Jesus suggests that it’s not that way with the birds and the flowers. Take a look at them. The blue tit in your garden is not sitting in her bird box worrying about where the next peanut to peck is coming from; she flies out into an abundant creation expectant that she will be fed. The lily growing in a garden isn’t angsting about what it looks like, trying to earn approval; it simply grows and is beautiful.

So what is it with us? We worry about ‘what we will eat, what we will drink, what we will wear’. Jesus puts that to us not to make us guilty but to prompt us to consider the deep questions about where we put our trust and confidence, where we root our hopes and aspirations, for our heavenly Father knows our needs.

Of course we want to live in a world without fear and worry, a secure, tranquil world without turbulence and threat, but then we create for ourselves a world of fear with the assumption that there is never enough as its hallmark: that is scarcity.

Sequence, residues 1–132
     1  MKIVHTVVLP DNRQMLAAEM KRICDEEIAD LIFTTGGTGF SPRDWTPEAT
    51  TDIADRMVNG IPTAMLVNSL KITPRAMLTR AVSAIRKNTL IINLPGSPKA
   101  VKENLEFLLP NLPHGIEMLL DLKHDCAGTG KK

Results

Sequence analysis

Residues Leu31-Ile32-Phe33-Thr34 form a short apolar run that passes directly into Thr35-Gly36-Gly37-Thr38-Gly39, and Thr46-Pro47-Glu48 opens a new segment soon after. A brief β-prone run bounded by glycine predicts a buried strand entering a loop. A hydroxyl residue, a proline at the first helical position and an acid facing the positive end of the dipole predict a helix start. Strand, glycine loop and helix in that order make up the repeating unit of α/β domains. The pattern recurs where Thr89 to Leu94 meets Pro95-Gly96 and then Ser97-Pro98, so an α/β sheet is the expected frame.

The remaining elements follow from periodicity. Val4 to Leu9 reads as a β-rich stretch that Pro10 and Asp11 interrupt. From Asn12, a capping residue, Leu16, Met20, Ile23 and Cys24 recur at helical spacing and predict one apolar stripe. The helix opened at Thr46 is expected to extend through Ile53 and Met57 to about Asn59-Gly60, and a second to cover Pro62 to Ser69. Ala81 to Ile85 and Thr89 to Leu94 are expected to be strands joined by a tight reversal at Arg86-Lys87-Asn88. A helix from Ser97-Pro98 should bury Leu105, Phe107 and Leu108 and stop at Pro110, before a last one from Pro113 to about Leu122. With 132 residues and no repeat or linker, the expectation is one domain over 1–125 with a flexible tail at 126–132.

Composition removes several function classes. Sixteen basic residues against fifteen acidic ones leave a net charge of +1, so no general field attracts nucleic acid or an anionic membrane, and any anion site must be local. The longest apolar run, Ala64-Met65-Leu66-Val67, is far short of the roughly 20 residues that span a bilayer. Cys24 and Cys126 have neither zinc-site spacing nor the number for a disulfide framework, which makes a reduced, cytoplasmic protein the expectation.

And then we assume we need more. It’s not just about survival; we’re not even in a world where things are scarce. Globally the real inequity and iniquity is the woeful distribution of food in our world, not the amount of food. People go hungry in the same world where people eat lavishly and on demand, chucking out food, not even storing it up, and then worry about being overfed.

That’s why Jesus says ‘just look at the world around you and see its abundance’. The Old Testament reading set for today is the creation account of Genesis 1, and the underlying message there is of an abundant creation. Of course it is a creation we seem hell-bent on damaging, rather than stewarding.

If we see the world as a place of scarcity - bereft of beauty, love and hope - then our worries will grow: we would have much to be worried about.

If we see the world as a place of abundance, overflowing with beauty, love and hope, then our worries will diminish.

The Christian life is about practising habits – good habits – that shape who we become.

Those individuals, societies, churches, who assume a scarce world will live scarcely and will only find scarcity: they will be grudging, penny pinching, suspicious, unimaginative, and cautious, not delighting in others, but mistreating and demeaning them. They operate out of their worries.

By contrast, the Holy Spirit breathes abundance into our world and our lives, opening us up to abundance. Those who assume a Spirit filled, abundant, world will be loving, joyful, generous, peaceful, patient, kind, faithful, gentle and self-aware (cf Galatians 5.22-23). They will revel in beauty, in art, music and inspiration.